Technology

Should the Gates Foundation Do Data Differently?

Duncan Green - November 8, 2017

Spent a fascinating day last week talking to staff at the Gates Foundation at its HQ in a cold, grey and sleety Seattle (felt quite at home). I presented the book in one of those ‘brownbag lunches’ that Americans love (although these days ‘clear plastic box lunches’ would be more accurate), and we then got on to discussing the implications for aid agencies in general …

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How Change Happens one year on – the stats, the suffering and the power of Open Access

Duncan Green - October 27, 2017

It’s a year to the day since How Change Happens was published (I made the mistake of putting ‘narcissistic peak’ in my diary, and my wife Cathy saw it – never heard the end of it). Here’s what’s happened since. First the stats: the headline figure is that in the first year, the book has had approximately 40,000 readers. Of these roughly 6,000 bought paper …

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What did I learn from a day with the UN’s bloggers?

Duncan Green - October 20, 2017

Had a fun day earlier this week running a blogging workshop for Unicef researchers in their wonderful centre in Florence (I know, tough gig etc). I ran through what is rapidly becoming my standard powerpoint (here you go, feel free to steal or comment), but the most interesting (and exhausting) session was working through nine draft blogs with their authors in a group: it was …

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What does Artificial Intelligence mean for the future of poor countries?

Duncan Green - September 22, 2017

What do the multiple overlapping new technologies currently breaking in tsunamis over the world’s economies and societies mean for the future of low and middle income countries (LMICs)? Last week I went along to a seminar (Chatham House Rule, so no names) on this topic, hoping for some interesting, preferably optimistic ideas and examples. I came away deeply, deeply worried. Houston we have a very …

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What can we learn from 7 successes in making markets work for poor people?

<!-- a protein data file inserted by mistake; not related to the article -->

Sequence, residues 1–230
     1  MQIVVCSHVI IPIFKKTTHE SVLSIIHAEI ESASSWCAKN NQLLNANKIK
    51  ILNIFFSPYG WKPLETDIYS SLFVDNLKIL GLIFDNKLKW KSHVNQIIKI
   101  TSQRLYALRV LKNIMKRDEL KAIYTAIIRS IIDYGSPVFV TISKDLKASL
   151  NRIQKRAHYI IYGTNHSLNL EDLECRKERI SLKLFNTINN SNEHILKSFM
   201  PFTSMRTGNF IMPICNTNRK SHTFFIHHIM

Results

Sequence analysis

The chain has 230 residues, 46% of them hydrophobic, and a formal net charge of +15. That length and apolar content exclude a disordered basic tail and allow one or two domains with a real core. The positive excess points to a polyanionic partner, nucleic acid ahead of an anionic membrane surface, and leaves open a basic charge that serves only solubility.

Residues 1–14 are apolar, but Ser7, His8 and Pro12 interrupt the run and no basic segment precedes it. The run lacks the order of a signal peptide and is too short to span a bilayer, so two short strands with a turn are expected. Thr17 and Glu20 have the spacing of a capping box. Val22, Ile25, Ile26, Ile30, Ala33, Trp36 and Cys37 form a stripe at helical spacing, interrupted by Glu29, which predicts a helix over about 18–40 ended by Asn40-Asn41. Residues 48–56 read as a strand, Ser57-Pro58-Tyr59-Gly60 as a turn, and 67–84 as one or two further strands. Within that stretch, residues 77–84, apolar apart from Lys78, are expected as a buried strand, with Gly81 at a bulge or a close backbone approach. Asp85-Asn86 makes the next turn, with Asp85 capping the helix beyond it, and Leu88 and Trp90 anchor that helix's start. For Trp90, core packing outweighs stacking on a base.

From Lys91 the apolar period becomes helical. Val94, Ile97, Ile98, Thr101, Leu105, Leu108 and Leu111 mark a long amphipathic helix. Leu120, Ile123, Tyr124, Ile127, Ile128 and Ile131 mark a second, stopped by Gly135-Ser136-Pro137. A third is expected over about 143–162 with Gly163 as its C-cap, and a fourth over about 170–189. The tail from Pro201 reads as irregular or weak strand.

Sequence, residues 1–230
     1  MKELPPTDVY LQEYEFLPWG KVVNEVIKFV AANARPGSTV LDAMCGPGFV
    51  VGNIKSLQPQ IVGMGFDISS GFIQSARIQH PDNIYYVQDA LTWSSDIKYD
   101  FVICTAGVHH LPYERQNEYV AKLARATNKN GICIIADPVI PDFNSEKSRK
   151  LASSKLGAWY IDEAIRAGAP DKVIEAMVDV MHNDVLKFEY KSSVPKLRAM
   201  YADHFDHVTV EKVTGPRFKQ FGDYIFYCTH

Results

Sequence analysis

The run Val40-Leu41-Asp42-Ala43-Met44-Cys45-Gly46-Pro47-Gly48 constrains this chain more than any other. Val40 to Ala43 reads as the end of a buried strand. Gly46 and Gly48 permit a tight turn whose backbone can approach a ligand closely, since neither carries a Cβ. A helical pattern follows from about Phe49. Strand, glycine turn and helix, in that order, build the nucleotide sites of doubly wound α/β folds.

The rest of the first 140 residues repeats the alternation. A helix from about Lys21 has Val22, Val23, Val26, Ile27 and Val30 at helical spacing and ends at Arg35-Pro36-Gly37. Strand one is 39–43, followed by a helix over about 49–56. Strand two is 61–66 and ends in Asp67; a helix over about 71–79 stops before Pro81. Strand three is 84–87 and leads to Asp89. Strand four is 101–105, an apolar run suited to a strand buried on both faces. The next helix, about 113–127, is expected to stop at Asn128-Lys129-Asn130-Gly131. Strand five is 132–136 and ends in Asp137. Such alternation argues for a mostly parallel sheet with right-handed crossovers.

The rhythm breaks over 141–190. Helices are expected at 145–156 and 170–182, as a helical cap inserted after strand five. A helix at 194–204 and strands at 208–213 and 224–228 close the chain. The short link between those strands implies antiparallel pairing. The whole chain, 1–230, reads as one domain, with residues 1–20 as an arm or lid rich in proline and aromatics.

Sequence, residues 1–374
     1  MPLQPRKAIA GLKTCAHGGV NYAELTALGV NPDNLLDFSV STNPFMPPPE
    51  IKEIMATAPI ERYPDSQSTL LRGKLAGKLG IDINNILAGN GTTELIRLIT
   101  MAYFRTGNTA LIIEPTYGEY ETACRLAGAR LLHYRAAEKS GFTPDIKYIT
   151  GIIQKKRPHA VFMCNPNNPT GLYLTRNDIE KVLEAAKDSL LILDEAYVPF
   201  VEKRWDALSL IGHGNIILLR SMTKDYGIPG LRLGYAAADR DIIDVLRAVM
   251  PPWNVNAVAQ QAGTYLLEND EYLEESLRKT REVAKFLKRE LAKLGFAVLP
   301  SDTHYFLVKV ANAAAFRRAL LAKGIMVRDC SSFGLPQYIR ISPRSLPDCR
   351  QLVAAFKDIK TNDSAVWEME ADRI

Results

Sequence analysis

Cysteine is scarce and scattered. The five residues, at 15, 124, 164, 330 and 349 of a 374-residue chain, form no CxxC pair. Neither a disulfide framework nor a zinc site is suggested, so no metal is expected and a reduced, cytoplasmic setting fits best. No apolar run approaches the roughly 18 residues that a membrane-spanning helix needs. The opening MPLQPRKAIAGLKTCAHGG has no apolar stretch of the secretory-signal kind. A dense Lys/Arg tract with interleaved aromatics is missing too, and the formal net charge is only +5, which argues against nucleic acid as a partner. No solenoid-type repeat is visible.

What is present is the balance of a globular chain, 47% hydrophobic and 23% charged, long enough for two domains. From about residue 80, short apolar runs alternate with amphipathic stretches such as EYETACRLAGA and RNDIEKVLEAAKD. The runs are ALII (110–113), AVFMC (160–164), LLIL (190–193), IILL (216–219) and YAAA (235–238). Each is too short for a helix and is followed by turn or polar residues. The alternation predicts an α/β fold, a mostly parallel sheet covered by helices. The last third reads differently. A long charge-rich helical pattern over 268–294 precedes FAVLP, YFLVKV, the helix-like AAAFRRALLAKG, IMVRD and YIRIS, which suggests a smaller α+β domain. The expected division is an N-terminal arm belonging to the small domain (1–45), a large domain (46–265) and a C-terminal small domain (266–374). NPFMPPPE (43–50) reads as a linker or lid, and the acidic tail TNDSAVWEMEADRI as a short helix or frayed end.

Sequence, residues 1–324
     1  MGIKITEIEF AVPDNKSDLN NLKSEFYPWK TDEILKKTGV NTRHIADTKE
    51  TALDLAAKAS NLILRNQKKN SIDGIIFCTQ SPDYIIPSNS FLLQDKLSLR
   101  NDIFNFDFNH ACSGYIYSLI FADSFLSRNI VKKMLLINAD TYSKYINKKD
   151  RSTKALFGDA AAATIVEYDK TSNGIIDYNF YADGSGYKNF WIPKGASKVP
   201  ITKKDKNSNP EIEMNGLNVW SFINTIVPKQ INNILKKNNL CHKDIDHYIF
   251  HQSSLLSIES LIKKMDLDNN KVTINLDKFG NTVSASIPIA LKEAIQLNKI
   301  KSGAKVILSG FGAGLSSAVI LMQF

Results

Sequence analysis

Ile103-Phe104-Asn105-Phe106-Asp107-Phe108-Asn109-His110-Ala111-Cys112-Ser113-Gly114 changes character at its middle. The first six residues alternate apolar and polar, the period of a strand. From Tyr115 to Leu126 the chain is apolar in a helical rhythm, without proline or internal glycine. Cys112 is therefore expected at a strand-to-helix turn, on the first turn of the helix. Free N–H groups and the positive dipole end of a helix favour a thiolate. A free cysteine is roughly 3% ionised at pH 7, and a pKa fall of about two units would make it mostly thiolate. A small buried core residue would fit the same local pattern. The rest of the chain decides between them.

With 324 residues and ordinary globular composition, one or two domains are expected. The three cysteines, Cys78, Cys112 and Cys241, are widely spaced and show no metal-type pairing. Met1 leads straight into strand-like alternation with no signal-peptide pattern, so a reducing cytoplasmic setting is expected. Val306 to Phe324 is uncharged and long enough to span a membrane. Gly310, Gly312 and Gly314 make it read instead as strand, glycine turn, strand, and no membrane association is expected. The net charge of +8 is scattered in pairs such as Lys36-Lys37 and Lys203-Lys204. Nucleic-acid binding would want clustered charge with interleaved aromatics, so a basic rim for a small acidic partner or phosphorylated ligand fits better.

Duncan Green - September 1, 2017

Hi everyone, I’m back from an August blog break, with lots of great reading to report back on. First up, if you’re even slightly interested in how markets can benefit poor people, I urge you to read Shaping Inclusive Markets, a new publication from FSG and Rockefeller. The 60 page document explains their approach to ‘market systems innovation’, which we discussed at an event in …

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How might a systems approach change the way aid supports the knowledge sector in Indonesia?

Duncan Green - August 9, 2017

For some reason, the summer months seem to involve a lot of cups of tea (and the occasional beer) with interesting people passing through London, often at my second office in Brixton. One of last week’s conversations was with Arnaldo Pellini, who has been working for ODI on a big ‘knowledge sector initiative’ in Indonesia. Five years in, the team is thinking less in terms …

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What has the iPhone got to do with inequality? New Oxfam Book Review blog

Duncan Green - July 13, 2017

I often get asked for more book reviews on the blog (presumably to give readers the bluffer’s guide until they get round to reading the real thing, if ever). So very happy to see that Oxfam’s research wonks have started ‘Book Banter’ – a development book review service. Follow here. Any other good sources of development book reviews? Here is Franziska Mager (right) on Mariana Mazzucato’s bestseller, …

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What’s the problem with Globalization?

Duncan Green - July 6, 2017

Globalization, remember that? When I first entered the development NGO scene in the late 90s it was all the rage. Lots of rage. The anti-globalization movement roared from summit to summit. Academics traded books and papers that boosted or critiqued. The World Bank used voodoo modelling to show that really we’d all be better off if we just got rid of borders altogether. As the …

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